In this step, you’ll style the titles in your manuscript as headings. This is the most important step of formatting! Headings help our conversion tool recognize and design your book’s part titles, chapter titles, subtitles, subheadings, and so on.
We also use the headings in your manuscript to create your book’s Table of Contents. Retailers require a well-formatted Table of Contents, plus, this makes for a much better experience for your readers.
There are four heading styles. Here’s how they might look in your .docx file:
These headings will look different in your converted book. Here’s how they might appear (using the layout Shelley):
And here’s how they might look in your book’s Table of Contents (using the layout Lamott):
We recommend styling chapter titles as Heading 1 and subtitles as Heading 2, 3, or 4. (Or, if your book is divided into parts, we recommend styling part titles as Heading 1, chapter titles as Heading 2, and subtitles as Heading 3 or 4.) However, it’s completely up to you, and you can always edit/re-convert your manuscript, so feel free to experiment.
Please note that in order for the headers to be added to the Table of Contents, you must have a higher level header above it. (For example, Header 2 won't show up in the Table of Contents unless there’s a Header 1 somewhere else before it in the chapter.)
How to apply the heading style in Microsoft Word:
- Highlight your part title, chapter title, or subtitle.
- Go to the Styles panel at the top of the screen.
- Click on Heading 1, Heading 2, Heading 3, or Heading 4. The look of your title will change slightly. (This styling will not be maintained in your converted book.)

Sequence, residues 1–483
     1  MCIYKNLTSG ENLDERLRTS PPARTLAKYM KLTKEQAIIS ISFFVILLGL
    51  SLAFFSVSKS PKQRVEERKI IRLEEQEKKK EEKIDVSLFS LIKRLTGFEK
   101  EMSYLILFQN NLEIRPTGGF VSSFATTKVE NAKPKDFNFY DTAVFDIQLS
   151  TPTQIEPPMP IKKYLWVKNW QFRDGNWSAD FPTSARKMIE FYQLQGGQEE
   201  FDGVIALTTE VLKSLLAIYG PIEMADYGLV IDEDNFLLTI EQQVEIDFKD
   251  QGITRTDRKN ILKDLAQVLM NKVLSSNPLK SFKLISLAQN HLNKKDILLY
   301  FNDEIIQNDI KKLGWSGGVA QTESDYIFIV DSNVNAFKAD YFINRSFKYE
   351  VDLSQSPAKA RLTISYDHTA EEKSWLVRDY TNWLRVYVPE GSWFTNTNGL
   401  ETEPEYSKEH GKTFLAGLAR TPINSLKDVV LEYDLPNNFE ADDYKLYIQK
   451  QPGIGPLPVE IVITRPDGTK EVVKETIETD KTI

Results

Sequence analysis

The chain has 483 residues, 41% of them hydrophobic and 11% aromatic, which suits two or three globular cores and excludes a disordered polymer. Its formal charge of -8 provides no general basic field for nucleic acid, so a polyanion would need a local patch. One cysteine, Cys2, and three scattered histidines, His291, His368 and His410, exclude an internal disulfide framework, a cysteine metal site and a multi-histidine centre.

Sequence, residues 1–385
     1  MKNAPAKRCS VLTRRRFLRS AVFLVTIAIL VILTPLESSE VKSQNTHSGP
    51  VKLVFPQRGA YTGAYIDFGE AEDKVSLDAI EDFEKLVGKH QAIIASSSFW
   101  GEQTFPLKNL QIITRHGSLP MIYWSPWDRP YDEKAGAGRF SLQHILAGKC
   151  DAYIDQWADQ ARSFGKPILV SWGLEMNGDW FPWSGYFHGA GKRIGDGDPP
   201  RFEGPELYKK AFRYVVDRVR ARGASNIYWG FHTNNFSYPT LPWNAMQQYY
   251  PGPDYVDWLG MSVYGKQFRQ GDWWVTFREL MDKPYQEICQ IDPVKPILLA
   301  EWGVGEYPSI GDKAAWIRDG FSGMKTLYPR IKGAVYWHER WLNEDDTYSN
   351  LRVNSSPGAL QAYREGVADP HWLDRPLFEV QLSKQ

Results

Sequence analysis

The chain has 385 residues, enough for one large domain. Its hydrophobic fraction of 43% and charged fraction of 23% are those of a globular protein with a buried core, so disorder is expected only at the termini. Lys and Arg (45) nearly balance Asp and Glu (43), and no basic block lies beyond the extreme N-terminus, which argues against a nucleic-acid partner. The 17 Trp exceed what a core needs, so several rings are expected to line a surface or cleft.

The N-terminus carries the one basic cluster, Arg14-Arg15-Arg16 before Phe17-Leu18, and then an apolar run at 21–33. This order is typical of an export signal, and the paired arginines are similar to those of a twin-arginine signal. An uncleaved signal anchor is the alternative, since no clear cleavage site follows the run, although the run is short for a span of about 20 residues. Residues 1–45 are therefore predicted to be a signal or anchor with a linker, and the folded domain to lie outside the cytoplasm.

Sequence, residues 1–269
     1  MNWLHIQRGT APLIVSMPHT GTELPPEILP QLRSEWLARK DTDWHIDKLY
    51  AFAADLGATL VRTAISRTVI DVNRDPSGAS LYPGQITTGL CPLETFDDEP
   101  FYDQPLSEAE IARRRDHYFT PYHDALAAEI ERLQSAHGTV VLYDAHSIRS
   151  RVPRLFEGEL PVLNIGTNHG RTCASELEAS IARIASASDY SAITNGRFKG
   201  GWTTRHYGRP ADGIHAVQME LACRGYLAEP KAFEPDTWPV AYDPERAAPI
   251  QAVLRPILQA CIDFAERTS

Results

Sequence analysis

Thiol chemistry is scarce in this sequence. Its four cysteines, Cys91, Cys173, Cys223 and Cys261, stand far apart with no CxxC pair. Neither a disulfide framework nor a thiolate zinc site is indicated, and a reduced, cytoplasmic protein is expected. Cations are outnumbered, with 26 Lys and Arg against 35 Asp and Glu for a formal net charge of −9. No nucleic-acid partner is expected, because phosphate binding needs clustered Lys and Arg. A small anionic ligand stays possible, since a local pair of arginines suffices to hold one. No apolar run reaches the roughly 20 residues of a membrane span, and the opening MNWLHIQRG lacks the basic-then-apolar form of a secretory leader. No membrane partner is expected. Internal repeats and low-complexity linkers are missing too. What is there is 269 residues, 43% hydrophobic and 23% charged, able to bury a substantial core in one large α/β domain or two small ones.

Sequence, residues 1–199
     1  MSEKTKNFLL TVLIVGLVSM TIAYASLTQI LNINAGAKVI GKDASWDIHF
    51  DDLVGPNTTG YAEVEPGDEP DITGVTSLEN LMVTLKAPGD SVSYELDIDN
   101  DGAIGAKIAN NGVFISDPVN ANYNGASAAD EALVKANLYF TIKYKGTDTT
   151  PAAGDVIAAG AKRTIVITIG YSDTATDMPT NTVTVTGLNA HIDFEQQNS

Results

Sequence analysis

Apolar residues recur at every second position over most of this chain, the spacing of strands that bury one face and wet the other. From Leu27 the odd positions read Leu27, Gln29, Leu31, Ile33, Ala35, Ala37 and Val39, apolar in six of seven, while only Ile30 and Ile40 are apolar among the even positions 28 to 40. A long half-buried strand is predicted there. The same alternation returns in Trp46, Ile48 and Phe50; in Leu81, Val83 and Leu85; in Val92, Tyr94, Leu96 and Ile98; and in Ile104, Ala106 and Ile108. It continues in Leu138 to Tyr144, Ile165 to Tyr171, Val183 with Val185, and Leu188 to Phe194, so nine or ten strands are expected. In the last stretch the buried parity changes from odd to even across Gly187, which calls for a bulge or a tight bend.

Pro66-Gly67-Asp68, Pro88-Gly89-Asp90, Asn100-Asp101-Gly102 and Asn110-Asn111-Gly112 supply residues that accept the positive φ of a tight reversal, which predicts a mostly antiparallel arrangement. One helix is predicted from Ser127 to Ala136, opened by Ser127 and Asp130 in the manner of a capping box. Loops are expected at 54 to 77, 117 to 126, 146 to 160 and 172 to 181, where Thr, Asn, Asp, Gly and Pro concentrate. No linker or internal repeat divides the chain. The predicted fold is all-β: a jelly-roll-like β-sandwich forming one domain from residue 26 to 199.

- If your book doesn’t have chapters or parts, we recommend adding an Acknowledgments page before the book starts, a heading of your book title before your first paragraph, and an About the Author page after the book ends. Then it’ll appear that you have three “chapters.”
- Make sure your chapter titles are not formatted as lists (Microsoft Word sometimes does this automatically).
- Make sure there’s only one line of Heading 1 text per chapter in your book. If your book has back to back lines of chapter title text (like “1.” on one line and “The First Chapter” on a new line), we suggest styling the second line as Heading 2 rather than Heading 1.
- Press ENTER (not SHIFT + ENTER) to insert a hard line break after your chapter title. Otherwise, don’t worry about spacing. To check that you used hard line breaks, you can turn on non-printing characters in Microsoft Word. Hard line breaks are represented by little pilcrows, and soft line breaks are represented by little arrows.
- To check if your titles are formatted as headings, you can use the Styles Inspector or Styles Guides.
<< Step 3: Insert page breaks | Step 5: Format scene breaks and line breaks >>
Overview of all steps